China regulator is said to propose 50% car purchase tax cut

October 30, 2018
China is considering cutting a tax on most cars in half to jumpstart flagging sales in the world’s largest automotive market, triggering a surge in stocks from Volkswagen AG to Daimler AG.

NEW DELHI: China is considering cutting a tax on most carsin half to jumpstart flagging sales in the world’s largest automotive market, triggering a surge in stocks from Volkswagen AG to Daimler AG.

The country’s top economic planning body submitted a plan to key policymakers to lower the purchase tax to 5 per cent for passenger vehicles with engines no bigger than 1.6 liters, according to people familiar with the matter. No decision has been made on implementation, said the people, who asked not to be identified because the information isn’t public.

Chinese car sales are on track for their first annual drop in two decades as the trade row with the US weighs on growth and fuels losses in the stock market. After racking up record sales over the past few decades as China’s emergent middle class bought their first cars, consumers are retreating from big-ticket buys, a pullback exacerbated by the phasing out of a car purchase tax rebate.

The decline is being felt by the world’s top carmakers, with Volkswagen to Ford Motor Co. on the back foot as demand in what has become a key market fizzles.
Volkswagen, which last year sold some 39 per cent of its vehicles in China, rose 6 per cent to 145.04 euros, the biggest intra-day gain in more than two years, and traded up 5.3 per cent at 11:12 a.m. in Frankfurt trading. BMW AG and Mercedes-Benz maker Daimler, who count China as their biggest market, also rose sharply.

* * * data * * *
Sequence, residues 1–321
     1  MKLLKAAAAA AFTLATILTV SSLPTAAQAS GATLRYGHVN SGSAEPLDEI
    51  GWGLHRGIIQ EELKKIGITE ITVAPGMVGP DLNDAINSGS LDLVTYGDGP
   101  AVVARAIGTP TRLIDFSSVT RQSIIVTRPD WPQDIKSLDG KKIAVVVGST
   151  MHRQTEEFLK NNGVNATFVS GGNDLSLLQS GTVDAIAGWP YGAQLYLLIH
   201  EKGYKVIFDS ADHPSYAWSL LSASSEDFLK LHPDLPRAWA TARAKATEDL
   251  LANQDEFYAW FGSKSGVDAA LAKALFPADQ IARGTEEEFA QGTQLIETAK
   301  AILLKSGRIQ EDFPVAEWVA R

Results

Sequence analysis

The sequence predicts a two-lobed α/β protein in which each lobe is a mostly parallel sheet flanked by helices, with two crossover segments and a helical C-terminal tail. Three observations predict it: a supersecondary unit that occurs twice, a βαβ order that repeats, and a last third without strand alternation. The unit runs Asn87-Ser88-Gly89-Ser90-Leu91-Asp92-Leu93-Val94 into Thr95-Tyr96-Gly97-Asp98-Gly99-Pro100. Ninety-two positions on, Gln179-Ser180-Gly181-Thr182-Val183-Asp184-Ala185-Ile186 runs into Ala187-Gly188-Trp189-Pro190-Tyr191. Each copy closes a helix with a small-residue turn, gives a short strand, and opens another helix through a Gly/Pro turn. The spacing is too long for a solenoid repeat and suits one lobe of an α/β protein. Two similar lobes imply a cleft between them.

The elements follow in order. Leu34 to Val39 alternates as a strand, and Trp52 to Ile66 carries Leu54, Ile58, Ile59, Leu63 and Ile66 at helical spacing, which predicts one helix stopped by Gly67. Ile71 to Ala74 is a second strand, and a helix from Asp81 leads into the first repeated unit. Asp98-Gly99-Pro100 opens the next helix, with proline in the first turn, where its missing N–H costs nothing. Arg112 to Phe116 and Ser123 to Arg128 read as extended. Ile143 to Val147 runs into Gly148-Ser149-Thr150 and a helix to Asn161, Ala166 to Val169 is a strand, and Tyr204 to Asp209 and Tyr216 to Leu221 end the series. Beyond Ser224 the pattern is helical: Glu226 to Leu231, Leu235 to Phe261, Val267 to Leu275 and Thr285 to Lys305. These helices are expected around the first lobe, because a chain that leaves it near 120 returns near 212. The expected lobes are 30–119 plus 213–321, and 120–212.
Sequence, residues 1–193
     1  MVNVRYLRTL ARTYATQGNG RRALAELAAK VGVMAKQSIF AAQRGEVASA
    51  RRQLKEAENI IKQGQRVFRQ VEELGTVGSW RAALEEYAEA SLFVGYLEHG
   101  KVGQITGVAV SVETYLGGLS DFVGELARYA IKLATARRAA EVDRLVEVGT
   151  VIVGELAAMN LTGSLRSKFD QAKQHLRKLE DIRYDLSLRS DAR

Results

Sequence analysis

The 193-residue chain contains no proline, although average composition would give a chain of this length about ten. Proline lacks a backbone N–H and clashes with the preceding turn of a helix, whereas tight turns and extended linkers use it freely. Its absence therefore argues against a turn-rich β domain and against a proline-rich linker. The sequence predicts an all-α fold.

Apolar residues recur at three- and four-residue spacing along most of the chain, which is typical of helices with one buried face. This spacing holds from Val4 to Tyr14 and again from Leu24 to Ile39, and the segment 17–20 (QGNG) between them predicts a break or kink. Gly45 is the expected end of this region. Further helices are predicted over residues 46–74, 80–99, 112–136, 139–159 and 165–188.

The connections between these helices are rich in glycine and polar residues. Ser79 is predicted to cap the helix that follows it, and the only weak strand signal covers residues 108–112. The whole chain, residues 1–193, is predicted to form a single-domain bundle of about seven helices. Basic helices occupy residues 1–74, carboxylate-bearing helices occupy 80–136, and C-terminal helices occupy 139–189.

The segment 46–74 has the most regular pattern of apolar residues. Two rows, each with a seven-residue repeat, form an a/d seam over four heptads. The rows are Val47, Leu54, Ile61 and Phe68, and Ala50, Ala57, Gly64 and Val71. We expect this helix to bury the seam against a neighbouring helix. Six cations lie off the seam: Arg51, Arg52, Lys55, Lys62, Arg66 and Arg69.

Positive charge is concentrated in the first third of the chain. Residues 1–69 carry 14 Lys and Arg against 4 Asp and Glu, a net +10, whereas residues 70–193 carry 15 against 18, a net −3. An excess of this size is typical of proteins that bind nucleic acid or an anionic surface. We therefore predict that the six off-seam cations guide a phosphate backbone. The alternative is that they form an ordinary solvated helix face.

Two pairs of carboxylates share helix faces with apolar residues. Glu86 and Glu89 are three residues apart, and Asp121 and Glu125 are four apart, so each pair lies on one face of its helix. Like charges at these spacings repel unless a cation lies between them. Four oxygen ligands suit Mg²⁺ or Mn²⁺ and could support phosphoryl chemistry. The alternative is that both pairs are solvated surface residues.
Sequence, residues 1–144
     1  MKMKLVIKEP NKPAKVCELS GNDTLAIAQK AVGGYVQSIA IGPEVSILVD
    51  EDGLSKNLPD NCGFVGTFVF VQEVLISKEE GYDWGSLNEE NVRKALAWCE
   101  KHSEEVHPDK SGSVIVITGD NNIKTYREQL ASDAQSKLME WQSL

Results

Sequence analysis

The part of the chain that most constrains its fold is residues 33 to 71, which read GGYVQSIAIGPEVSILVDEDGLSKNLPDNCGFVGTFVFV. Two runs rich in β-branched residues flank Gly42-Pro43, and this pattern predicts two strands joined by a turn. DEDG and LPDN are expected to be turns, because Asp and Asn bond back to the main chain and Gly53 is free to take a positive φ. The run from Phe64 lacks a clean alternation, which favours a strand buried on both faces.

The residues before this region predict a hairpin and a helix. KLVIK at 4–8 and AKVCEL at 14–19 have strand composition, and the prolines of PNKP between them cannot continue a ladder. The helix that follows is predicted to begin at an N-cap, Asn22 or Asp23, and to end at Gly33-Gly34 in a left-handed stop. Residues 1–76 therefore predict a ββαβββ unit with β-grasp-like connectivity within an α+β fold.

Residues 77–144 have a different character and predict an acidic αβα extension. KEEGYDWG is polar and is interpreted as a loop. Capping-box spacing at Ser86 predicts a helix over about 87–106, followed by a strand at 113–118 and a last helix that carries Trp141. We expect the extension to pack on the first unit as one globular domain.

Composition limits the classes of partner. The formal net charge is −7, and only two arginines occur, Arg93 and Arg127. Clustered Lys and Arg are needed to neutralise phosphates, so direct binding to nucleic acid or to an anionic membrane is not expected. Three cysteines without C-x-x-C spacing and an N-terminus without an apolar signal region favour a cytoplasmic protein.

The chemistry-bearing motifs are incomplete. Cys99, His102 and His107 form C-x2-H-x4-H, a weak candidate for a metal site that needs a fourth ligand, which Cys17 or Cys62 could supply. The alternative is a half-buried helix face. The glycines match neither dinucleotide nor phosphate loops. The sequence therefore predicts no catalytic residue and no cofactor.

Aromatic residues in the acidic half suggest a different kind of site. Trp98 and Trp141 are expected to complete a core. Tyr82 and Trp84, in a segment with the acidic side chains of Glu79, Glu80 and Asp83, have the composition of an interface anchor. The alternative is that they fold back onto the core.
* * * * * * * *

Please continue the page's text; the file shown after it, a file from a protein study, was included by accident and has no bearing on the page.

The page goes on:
The National Development and Reform Commission, which also acts as China’s top regulator, didn’t immediately respond to a fax seeking comment. Cars of that engine size accounted for some 70 per cent of the total number of passenger vehicles sold last year, according to the China Association of Automobile Manufacturers.

Should the tax-cut plan go ahead, it could be seen as the latest effort by China to support the $12 trillion economy, which has slowed this year amid the ongoing trade friction. In recent weeks, policy makers have tried to calm ructions in the stock market and acted to bolster private businesses by supporting bond issuance. Banks’ reserve-requirement ratios have been cut four times this year as a way of encouraging them to lend.

China put the purchase-tax incentive in place in 2015, and reduced the rebate last year before phasing it out at the start of 2018.

Passenger-car purchases by dealerships declined 12 per cent to 2.06 million units in September, according to the car manufacturers body. For the first nine months of this year, the industry eked out a sales gain of just 0.6 per cent, and the association said the fourth-quarter outlook was challenging.

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